Post-BMT, a marked increase in the production of IL-4 by donor CD4+ T cells in the transplant recipients was observed, as compared with IL-4 production by CD4+ T cells in the normal control subjects [59]. These donor CD4+ T cells also showed a marked reduction in their proliferative response to third-party alloantigenic stimulation in the MLR [59]. Donor CD4+ T cells from patients who underwent conditioning with TBI, rather than TLI/ATG showed neither an increased production of IL-4 nor a reduced proliferative response in the MLR. TLI/ATG resulted in an alteration of host T-cell subsets such that the ratio of host iNKT to conventional T cells significantly increased at the completion of TLI/ATG administration. In particular, the reduction of non-NKT cells was 200-fold, and the reduction of iNKT cells was ninefold. TLI/ATG conditioning was well tolerated and associated with low rates of nonrelapse mortality, irrespective of whether the graft was from a related or unrelated donor [8, 59]. Immunosuppressive medications were withdrawn from the majority of patients one year after transplantation, as no such medication was required for the control of chronic GVHD.

Concluding remarks

Figure 1 shows the interactions between the Treg, NKT, and conventional T cells that promote the separation of the undesirable development of GVHD from the desirable immune functions of donor T cells after conditioning of laboratory animals and humans with TLI and anti-T-cell Ab for transplantation. The conditioning regimen changes the balance of host T-cell subsets to favor NKT cells over the host naïve conventional T cells [25]; the latter cells being the major mediators of graft rejection [25]. The altered balance immediately after conditioning is mainly due to differences in resistance to apoptosis induced by irradiation, which is mediated by the p53/Bcl-2 apoptotic pathway [24, 25]. The increased expression of anti-apoptotic proteins by the regulatory as compared with the conventional naïve T-cell subsets accounts for the differences [24, 25]. The changed balance allows for the host NKT cells to prevent GVHD by interacting with the donor Treg and donor conventional T cells (Fig. 1). The irradiated host NKT cells develop a Th2 bias that results in the increased expression of IL-4, which causes the donor conventional T cells to develop a Th2 bias that has been shown to ameliorate GVHD [32, 33]. In addition, the host NKT-cell production of IL-4 promotes the expansion of donor Treg (Fig. 1) [53]. Donor Treg secrete IL-10 and suppress the GVHD capacity of conventional donor T cells by reducing the conventional T cells’ capacity to expand and accumulate in the target tissues of GVHD, including the large and small intestines, and by reducing their capacity to produce proinflammatory Th1 cytokines [53]. Treg do not prevent the donor CD8+ T cells from differentiating into cytolytic cells, which can kill tumor cells via direct lysis and maintain GVT activity [19]. The differential effects of Treg on the different functions of the conventional donor T cells result in the suppression of GVHD and the preservation of graft anti-tumor activity.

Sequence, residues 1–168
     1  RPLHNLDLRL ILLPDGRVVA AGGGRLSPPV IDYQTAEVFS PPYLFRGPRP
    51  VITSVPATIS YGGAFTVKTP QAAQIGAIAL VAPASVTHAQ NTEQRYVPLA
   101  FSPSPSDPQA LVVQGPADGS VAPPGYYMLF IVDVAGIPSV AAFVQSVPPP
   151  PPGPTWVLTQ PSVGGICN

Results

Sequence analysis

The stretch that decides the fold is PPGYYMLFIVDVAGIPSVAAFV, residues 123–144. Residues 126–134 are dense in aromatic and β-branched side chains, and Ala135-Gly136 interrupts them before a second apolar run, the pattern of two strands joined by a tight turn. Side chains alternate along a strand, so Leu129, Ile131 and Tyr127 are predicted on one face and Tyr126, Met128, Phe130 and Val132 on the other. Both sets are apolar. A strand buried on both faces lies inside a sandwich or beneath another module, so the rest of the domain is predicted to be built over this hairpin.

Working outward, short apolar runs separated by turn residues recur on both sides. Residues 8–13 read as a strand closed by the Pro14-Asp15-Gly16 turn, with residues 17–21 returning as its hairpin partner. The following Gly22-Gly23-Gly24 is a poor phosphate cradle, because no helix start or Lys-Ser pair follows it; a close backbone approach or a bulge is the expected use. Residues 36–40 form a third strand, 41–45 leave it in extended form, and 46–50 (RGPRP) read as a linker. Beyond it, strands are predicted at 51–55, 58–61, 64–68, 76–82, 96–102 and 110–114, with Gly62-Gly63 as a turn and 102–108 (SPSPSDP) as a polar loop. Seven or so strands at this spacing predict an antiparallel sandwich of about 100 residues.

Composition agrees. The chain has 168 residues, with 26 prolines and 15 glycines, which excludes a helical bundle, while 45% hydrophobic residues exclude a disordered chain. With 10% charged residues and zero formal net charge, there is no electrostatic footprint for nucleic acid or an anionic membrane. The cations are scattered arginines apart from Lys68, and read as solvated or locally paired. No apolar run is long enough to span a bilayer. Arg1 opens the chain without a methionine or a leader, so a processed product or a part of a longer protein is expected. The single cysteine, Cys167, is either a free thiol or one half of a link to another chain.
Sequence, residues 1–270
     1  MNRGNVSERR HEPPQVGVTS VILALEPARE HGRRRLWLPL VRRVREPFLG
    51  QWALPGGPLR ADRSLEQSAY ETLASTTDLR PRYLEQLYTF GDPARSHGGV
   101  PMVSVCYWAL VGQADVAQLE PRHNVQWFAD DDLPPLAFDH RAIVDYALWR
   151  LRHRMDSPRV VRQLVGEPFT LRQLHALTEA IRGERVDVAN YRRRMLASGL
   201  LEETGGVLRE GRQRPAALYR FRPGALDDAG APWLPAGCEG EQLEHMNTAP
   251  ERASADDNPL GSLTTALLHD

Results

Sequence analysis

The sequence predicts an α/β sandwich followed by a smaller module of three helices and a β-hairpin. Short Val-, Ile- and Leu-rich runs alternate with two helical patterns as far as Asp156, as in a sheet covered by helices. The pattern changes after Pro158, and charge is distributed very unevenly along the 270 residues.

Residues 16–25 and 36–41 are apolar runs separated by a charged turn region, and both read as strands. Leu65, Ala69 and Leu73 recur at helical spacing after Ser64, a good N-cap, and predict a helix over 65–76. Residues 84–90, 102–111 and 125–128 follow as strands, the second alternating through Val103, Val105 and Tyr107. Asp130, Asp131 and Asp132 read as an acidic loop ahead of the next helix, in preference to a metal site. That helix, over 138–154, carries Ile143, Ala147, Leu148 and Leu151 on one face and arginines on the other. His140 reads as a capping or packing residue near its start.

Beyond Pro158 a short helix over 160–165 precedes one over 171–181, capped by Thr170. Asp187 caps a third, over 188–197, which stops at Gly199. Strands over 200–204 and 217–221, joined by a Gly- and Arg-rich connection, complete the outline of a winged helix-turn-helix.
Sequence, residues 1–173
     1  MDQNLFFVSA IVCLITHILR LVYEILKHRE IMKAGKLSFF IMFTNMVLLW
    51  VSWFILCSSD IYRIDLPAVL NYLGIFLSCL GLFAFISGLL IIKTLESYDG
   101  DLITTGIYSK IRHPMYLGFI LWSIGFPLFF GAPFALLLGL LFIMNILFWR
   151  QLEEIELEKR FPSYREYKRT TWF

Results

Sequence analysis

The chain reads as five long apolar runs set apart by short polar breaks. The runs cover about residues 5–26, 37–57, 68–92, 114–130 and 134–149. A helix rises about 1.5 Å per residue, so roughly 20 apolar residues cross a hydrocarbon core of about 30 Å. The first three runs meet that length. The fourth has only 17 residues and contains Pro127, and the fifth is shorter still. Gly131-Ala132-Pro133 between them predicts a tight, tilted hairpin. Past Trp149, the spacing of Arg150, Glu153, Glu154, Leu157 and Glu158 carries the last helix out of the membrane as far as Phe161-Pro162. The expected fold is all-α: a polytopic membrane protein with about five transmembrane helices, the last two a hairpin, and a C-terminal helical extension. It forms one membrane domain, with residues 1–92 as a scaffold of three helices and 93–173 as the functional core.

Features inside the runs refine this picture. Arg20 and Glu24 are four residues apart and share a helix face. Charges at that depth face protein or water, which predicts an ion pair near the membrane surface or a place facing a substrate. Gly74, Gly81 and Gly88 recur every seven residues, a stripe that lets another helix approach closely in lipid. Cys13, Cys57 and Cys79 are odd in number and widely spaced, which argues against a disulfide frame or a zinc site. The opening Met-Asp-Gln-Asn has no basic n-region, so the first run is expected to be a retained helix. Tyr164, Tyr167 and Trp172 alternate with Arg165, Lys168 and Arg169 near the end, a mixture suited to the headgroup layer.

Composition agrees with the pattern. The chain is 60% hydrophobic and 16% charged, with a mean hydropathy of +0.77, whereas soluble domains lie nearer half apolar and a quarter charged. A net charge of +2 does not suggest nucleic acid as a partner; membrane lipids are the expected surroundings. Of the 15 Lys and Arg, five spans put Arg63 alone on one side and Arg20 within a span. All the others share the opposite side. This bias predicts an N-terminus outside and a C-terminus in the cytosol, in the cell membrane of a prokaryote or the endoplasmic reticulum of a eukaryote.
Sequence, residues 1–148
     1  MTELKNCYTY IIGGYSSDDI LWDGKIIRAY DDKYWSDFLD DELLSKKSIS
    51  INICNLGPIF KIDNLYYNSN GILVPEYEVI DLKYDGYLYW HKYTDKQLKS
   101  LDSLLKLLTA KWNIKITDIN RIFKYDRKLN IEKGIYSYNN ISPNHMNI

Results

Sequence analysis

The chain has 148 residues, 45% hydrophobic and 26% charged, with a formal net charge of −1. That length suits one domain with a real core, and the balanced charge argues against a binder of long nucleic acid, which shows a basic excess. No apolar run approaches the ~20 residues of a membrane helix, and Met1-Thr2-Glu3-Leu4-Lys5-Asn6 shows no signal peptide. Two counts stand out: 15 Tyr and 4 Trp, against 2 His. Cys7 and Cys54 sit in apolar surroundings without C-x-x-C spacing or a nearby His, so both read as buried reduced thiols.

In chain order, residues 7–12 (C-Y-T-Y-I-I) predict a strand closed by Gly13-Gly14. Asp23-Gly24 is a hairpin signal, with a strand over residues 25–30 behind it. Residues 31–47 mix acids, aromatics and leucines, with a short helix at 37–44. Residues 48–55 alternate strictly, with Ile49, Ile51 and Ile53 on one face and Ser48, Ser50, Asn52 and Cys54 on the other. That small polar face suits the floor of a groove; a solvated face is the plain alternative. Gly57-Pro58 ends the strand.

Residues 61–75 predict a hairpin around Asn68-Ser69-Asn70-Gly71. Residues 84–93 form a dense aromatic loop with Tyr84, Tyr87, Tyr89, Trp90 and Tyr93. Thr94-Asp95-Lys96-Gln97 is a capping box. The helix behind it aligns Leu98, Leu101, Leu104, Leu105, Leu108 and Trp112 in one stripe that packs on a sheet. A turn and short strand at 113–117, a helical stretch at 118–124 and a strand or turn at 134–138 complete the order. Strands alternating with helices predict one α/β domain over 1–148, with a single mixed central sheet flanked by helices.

Figure 1
Immune and hematopoietic cell interactions after BMT in mice conditioned with TLI and ATG. Conventional host CD4+ and CD8+ T cells are more profoundly depleted than host NKT cells by the conditioning regimen. The balance of T-cell subsets is changed to ...

In conclusion, both NKT cells and CD4+CD25+ Treg of host and donor origin can regulate allo-immunity after BMT. The cells interact with each other in complex ways to prevent GVHD and graft rejection that require further elucidation. Treg can thus be harnessed to suppress undesirable allo-immune responses while maintaining desirable allo-responses. The application of Treg manipulation in the context of allogeneic BMT for the treatment of human hematolymphoid cancer is an important new direction in the field. Potency of Treg after human BMT is likely to be dependent on the maintenance of Treg's ability to migrate to appropriate sites via receptors such as CD62L and CCR5, and on their ability to expand via homeostatic proliferation and alloactivation as shown in preclinical studies [6871].